Diphtheria, Tetanus and A Cellular Pertussis (DTaP) Immunization

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Chapter: Pharmaceutical Microbiology : Vaccination And Immunization

Immunization against these three unrelated diseases is considered together because the vaccines are non-living and are often co-administered as a triple vaccine as part of the childhood vaccination programme.


DIPHTHERIA, TETANUS AND A CELLULAR PERTUSSIS (DTAP) IMMUNIZATION

 

Immunization against these three unrelated diseases is considered together because the vaccines are non-living and are often co-administered as a triple vaccine as part of the childhood vaccination programme.

 

a)  Diphtheria

This is an acute, non-invasive infectious disease associated with the upper respiratory tract . The incubation period is 2-5 days although the disease remains communicable for up to 4 weeks. A low molecular weight toxin is produced which affects the myocardium, nervous and adrenal tissues. Death results in 3-5% of infected children. Diphtheria immunization stimulates the production of an antitoxin which protects against the disease but not against infection/colonization of the respiratory tract. The immunogen is a toxoid, prepared by formaldehyde treatment of the purified toxin and administered while adsorbed to an adjuvant, usually aluminium phosphate or aluminium hydroxide. The primary course of diphtheria prophylaxis consists of three doses starting at 2 months of age and separated by an interval of at least 1 month. The immune status of adults may be determined by administration of Schick test toxin, which is essentially a diluted form of the vaccine.

 

b)  Tetanus

Tetanus results from the production of a toxin by germinating spores and vegetative cells of Clostridium tetani that can potentially infect deep wounds. The organism, which may be introduced into the wound, grows anaerobically at such sites. The toxin is adsorbed into nerve cells and has a profound effect on nerve synapses resulting in spastic paralysis in affected individuals. Mortality rates are highest in individuals over 60 years of age and the unvaccinated. Tetanus immunization employs a toxoid and protects by stimulating the production of antitoxin. This antitoxin will neutralize the toxin as the organisms release it and before it can be adsorbed into nerves. As the toxin is produced only slowly after infection, the vaccine, which acts rapidly, may be used prophylactically in non-immunized individuals who have recently suffered a high-risk injury. The toxoid, as with diphtheria toxoid, is formed by reaction with formaldehyde and is adsorbed onto an inorganic adjuvant. The primary course of tetanus vaccination consists of three doses starting at 2 months of age and is separated by an interval of at least 1 month.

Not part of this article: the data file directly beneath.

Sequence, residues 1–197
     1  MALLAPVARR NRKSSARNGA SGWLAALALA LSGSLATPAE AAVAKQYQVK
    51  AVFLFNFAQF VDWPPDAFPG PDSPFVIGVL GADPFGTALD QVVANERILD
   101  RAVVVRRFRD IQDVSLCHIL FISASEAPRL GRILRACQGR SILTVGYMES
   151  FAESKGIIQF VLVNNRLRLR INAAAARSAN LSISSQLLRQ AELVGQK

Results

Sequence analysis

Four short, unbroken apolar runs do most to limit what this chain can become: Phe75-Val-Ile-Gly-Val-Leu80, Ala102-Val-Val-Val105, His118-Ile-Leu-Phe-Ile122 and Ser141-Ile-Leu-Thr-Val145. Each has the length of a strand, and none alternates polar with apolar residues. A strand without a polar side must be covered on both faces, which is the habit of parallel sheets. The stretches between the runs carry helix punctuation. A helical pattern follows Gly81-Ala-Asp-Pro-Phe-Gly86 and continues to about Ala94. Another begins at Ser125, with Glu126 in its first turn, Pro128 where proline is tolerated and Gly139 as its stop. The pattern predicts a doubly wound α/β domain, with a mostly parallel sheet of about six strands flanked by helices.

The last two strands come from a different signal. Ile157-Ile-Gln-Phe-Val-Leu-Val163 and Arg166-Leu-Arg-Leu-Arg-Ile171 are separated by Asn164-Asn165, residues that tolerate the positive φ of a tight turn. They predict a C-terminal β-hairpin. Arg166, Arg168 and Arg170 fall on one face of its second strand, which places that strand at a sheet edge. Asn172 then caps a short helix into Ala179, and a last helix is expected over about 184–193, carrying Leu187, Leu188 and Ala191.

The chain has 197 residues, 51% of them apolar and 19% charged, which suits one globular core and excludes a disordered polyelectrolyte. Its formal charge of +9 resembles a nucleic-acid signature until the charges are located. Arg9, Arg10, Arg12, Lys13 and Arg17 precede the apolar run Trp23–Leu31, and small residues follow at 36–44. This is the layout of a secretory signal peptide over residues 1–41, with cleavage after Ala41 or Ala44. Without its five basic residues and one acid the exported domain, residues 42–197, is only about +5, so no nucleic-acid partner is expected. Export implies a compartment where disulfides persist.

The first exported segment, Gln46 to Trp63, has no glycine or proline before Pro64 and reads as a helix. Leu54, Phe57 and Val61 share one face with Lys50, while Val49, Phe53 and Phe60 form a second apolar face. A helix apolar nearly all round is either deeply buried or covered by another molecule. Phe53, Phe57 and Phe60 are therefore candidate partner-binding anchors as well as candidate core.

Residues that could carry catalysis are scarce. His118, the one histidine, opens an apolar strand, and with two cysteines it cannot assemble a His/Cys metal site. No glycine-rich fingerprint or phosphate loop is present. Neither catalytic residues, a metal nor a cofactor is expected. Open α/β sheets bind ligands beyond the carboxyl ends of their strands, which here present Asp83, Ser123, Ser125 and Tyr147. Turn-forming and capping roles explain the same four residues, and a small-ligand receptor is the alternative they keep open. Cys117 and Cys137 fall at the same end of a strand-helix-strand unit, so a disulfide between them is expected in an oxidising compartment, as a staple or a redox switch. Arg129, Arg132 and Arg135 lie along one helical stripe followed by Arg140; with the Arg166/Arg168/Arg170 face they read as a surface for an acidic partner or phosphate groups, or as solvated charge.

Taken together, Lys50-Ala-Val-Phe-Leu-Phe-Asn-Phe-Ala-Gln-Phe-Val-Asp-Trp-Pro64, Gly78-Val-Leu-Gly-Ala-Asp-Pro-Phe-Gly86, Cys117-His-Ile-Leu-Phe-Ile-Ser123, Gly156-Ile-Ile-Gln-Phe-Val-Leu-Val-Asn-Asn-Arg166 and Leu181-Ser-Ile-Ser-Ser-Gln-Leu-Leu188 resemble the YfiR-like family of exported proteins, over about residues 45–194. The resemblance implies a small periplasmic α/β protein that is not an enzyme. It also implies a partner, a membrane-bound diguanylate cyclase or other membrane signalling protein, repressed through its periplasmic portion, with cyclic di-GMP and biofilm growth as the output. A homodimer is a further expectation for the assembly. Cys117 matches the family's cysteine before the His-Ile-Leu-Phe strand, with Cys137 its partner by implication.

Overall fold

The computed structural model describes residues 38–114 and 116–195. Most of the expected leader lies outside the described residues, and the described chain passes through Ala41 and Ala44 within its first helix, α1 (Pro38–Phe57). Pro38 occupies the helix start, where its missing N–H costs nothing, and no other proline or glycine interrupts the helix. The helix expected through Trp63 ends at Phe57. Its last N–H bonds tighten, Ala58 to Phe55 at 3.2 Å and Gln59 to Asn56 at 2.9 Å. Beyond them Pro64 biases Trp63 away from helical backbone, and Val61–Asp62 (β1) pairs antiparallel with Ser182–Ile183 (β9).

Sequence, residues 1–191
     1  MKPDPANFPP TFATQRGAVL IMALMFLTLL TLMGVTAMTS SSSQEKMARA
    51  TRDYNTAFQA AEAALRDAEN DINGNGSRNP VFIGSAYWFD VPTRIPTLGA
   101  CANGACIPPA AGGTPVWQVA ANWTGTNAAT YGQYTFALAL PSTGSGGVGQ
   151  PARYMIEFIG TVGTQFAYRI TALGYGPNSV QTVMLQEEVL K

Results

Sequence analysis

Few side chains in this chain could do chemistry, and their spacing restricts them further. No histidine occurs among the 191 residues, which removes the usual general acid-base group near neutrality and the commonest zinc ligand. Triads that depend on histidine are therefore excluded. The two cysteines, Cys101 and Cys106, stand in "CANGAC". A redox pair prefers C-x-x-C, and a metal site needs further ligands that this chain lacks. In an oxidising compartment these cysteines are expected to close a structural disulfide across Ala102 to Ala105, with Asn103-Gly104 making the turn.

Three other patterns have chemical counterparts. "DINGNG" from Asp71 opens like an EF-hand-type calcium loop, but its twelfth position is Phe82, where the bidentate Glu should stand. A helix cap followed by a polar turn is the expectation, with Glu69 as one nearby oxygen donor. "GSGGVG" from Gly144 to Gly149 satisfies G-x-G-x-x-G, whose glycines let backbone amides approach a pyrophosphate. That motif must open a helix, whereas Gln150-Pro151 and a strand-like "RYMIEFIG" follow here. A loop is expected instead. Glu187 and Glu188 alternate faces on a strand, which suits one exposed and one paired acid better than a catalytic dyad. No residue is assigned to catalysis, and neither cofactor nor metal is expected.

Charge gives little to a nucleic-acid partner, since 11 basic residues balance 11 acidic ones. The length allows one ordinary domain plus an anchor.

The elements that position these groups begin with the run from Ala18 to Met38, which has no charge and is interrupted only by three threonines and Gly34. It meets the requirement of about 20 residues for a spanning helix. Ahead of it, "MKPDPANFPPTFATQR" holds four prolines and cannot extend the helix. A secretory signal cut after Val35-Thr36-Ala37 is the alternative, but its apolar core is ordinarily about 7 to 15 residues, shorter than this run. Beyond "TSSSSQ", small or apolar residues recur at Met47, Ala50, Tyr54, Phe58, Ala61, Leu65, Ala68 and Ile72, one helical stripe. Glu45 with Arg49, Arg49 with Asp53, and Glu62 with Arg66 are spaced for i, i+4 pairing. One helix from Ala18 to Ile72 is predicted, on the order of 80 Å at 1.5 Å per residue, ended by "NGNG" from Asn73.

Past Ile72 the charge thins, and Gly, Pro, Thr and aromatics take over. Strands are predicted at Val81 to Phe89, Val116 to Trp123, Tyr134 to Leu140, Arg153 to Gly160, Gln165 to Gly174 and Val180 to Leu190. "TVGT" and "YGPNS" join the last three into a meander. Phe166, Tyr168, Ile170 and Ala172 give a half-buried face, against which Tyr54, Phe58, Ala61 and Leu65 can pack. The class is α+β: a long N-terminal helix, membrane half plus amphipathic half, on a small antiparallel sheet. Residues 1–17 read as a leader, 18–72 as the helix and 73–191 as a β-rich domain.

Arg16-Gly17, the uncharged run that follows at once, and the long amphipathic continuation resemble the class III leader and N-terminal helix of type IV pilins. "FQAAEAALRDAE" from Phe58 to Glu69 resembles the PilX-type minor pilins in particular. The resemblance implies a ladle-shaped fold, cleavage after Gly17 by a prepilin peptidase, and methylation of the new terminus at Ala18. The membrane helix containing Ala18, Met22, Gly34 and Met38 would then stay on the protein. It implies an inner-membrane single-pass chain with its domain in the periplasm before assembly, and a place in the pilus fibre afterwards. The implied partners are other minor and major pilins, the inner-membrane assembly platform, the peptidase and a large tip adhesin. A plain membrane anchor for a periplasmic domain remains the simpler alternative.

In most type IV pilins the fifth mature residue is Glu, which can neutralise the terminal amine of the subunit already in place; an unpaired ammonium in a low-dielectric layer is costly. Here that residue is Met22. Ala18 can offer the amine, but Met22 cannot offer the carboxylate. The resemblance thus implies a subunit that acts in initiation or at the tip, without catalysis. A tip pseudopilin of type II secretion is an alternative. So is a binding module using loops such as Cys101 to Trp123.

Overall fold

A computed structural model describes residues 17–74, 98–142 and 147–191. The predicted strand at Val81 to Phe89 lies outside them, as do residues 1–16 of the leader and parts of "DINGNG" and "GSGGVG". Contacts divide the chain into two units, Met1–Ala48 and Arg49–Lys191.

c)  Pertussis (Whooping Cough)

Whooping cough is caused by the non-invasive respiratory pathogen Bordetella pertussis. This disease may be complicated by broncho-pneumonia, or by repeated posttussis vomiting leading to weight loss and to cerebral hypoxia associated with a risk of brain damage. Until the mid 1970s the mortality from whooping cough was about 1 per 1000 notified cases, with a higher rate for infants under 1 year of age. A full course of vaccine now consists of highly purified selected components of the Bordetella pertussis organism (i.e. acellular pertussis) which are treated with formaldehyde or glutaraldehyde and absorbed on to aluminium phosphate or aluminium hydroxide adjuvants. This vaccine gives considerably lower incidence of local and systemic reactions in comparison to the whole-cell pertussis vaccine that preceded it and gives comparable protection (> 80%). The primary course of pertussis prophylaxis consists of three doses starting at 2 months of age and separated by an interval of at least 1 month.

 

d)  DTaP Vaccine Combinations And Administration

The primary course of DTaP protection consists of three doses of a combined vaccine, each dose separated by at least 1 month and commencing not earlier than 2 months of age. In such combinations, the pertussis component of the vaccine acts as an additional adjuvant for the toxoid elements. Tetanus and diphtheria vaccines are also available in a combined tetanus/diphtheria/inactivated polio vaccine (Td/IPV) vaccine.

 

The primary course of pertussis vaccination is considered sufficient to confer lifelong protection, especially as the mortality associated with disease declines markedly after infancy. The risks associated with tetanus and diphtheria infection however persist throughout life. The Td/IPV vaccination is therefore repeated before school entry, at 4-5 years of age, and once again at puberty.


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